PowerPoint Best PracticeHey everyone, I’m Fia Fasbinder welcome to Moxie talk where we help you find your voice, share your message, and lead with confidence. Today we are talking about PowerPoint slide design and what we call visual storytelling. Now, we have a mantra here at Moxie, which is: Never deliver a presentation you wouldn’t want to sit through. I know we’ve all sat through those presentations where speakers just read basically a script of what’s on their slides to us or even worse, they put charts that are basically, you know, eye charts and then they say something like — I’m sorry if you can’t see this in the back of the room. Both of these are huge no-no’s. But you might be thinking, I don’t know what else to do! So today, we’re going to give you five tips to make sure that your slide deck amplifies your message and shows executive presence—creates an engaging PowerPoint slide design that people want to stay and listen to . —
The Neuroscience Of Slide DesignI want to first give you a little bit of the neuroscience behind PowerPoint design. The first is that:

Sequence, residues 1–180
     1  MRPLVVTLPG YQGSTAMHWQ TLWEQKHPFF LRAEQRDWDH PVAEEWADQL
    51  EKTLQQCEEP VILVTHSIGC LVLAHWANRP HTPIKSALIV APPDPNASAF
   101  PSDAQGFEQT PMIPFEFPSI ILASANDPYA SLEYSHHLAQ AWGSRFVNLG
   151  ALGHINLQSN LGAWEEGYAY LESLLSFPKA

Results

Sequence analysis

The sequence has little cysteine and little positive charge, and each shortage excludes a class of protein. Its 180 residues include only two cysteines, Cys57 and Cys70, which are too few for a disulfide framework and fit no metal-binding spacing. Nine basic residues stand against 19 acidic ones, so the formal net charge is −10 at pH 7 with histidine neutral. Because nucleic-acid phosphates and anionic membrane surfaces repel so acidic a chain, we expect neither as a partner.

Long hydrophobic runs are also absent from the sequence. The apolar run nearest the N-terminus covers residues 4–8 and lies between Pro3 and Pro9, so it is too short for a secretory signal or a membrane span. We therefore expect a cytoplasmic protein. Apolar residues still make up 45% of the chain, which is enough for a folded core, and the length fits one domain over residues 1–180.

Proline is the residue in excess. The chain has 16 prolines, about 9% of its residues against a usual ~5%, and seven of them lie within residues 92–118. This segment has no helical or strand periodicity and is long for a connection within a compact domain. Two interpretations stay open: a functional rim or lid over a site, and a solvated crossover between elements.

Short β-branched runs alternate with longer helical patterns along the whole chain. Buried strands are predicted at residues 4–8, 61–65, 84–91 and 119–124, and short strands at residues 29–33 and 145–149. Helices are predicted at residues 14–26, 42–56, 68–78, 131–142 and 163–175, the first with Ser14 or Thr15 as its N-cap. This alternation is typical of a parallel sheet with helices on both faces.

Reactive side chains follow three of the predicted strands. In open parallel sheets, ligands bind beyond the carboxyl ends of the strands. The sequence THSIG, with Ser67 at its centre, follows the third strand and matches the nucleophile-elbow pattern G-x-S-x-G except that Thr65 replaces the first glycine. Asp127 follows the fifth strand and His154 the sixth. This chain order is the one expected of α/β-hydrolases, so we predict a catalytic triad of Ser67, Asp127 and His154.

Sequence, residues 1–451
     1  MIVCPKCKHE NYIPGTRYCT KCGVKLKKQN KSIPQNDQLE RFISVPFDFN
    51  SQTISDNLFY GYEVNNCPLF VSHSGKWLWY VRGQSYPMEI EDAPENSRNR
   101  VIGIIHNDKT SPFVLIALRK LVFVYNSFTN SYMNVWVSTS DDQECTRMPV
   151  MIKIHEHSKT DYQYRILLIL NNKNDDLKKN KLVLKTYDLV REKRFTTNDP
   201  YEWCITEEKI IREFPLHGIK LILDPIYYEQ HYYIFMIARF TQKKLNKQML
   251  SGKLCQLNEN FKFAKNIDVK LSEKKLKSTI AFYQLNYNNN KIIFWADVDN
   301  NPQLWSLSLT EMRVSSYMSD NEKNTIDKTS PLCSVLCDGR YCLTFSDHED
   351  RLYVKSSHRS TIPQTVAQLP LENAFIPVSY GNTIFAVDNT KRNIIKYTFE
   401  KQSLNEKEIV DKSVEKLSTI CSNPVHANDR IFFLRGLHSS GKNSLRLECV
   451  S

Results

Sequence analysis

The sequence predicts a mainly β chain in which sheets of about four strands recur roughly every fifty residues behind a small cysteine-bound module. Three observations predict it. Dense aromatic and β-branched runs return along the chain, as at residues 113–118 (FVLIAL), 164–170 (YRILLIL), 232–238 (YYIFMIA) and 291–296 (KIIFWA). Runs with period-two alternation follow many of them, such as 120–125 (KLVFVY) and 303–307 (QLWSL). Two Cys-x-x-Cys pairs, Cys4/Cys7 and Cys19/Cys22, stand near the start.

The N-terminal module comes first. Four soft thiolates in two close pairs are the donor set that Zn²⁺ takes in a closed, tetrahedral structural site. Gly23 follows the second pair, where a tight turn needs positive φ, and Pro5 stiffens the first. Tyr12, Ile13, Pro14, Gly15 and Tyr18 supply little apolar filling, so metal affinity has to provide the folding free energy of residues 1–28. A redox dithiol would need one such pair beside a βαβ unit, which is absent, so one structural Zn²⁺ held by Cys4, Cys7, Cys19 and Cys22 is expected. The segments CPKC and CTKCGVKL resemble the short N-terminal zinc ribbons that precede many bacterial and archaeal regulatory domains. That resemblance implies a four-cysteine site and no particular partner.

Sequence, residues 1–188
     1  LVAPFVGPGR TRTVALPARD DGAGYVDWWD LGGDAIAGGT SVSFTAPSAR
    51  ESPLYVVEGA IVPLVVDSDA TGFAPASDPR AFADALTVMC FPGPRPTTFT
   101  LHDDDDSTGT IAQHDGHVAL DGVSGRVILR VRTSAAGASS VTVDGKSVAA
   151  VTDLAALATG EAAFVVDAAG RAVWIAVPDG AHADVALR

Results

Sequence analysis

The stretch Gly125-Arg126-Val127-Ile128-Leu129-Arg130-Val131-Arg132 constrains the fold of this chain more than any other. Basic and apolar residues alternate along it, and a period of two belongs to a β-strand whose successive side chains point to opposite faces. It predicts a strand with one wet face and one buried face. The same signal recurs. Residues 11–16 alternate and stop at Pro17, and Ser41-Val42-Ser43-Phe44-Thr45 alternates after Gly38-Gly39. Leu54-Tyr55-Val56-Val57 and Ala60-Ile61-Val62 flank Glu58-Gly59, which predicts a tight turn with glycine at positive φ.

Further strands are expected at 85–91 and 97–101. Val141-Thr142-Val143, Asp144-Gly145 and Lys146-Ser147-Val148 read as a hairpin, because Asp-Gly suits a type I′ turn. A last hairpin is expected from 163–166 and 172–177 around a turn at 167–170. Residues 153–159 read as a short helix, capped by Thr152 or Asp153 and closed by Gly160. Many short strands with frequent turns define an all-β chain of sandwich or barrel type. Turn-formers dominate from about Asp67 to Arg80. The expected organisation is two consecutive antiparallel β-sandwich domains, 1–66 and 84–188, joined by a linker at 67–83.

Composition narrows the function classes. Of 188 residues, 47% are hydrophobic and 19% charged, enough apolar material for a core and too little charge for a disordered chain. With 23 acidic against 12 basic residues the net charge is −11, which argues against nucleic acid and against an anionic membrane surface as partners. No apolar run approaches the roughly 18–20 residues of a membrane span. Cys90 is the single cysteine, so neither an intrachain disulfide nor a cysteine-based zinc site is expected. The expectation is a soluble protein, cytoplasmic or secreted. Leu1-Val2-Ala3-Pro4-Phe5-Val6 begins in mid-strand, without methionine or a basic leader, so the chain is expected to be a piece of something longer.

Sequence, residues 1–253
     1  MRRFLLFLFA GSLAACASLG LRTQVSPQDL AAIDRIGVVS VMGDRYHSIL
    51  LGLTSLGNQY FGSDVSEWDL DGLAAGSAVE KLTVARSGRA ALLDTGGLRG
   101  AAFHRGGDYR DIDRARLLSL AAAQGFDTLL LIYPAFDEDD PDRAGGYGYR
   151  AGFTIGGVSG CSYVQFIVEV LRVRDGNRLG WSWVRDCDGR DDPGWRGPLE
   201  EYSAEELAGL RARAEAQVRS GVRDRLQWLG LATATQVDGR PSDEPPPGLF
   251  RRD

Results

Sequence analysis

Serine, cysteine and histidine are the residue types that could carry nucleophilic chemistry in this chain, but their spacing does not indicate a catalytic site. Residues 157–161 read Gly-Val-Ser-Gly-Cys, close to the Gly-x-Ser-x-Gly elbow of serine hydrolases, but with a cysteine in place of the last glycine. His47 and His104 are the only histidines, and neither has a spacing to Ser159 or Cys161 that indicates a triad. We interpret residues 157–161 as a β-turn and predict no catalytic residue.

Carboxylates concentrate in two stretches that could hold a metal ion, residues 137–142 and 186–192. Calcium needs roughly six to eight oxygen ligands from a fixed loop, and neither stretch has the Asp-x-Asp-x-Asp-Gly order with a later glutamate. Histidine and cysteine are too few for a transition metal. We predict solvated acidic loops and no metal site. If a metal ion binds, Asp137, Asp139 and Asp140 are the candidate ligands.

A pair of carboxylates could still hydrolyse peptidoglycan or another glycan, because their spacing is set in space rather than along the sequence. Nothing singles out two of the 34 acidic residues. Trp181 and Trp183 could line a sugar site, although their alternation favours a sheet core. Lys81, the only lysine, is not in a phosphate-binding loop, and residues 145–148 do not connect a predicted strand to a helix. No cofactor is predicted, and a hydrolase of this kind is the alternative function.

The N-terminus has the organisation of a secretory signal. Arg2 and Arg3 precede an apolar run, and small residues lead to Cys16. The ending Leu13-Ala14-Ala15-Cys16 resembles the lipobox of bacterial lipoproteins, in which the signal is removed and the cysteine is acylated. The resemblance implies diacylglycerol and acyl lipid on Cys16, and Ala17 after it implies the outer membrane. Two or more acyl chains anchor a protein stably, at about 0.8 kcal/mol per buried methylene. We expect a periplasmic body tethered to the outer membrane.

Our brain processes language 60 times slower than it processes images. So if you put a ton of text on your slides, it’s going to take that audience’s brains even longer to process the slide’s meaning than if you just put fewer words and an image. The other point of neuroscience that’s really interesting is that there is something called the Glasser Study which shows that we retain information 80 percent more if we experience an emotion associated with it. That’s why we remember stories, for example. Now, we can get that same effect with our audience if we have a provocative photo.
Images create better understanding
Emotion improve retention by 80%I know most of you are not creating TED Talk slides. You’re thinking, I need to inform my audience. I need to present data. I am not giving a Ted Talk. I get you. I know that we can still apply some of these principles to create really engaging, novel, different decks from everyone’s decks that we have seen in the last decade. —
How To Create Better Slide DecksI want to start with a little history. You might not know this but PowerPoint was actually never designed for presentations. Bill Gates and Microsoft developed PowerPoint as a tool to send documents through the office in a very quick way so that, you know, somebody at the other end of the office or in the office in a in different country, different state, could get the information quickly. Now we use it all the time for presentations. Our same slide decks that were created as documents are on jumbotrons behind us during our presentations. There are documents and there also are slide decks that are meant to be viewed, you know, in your computer as documents and then there are slide decks that are meant to be viewed as part of your presentation—either behind you on a screen if you are presenting in person or on your computer screen if you are giving a virtual presentation. —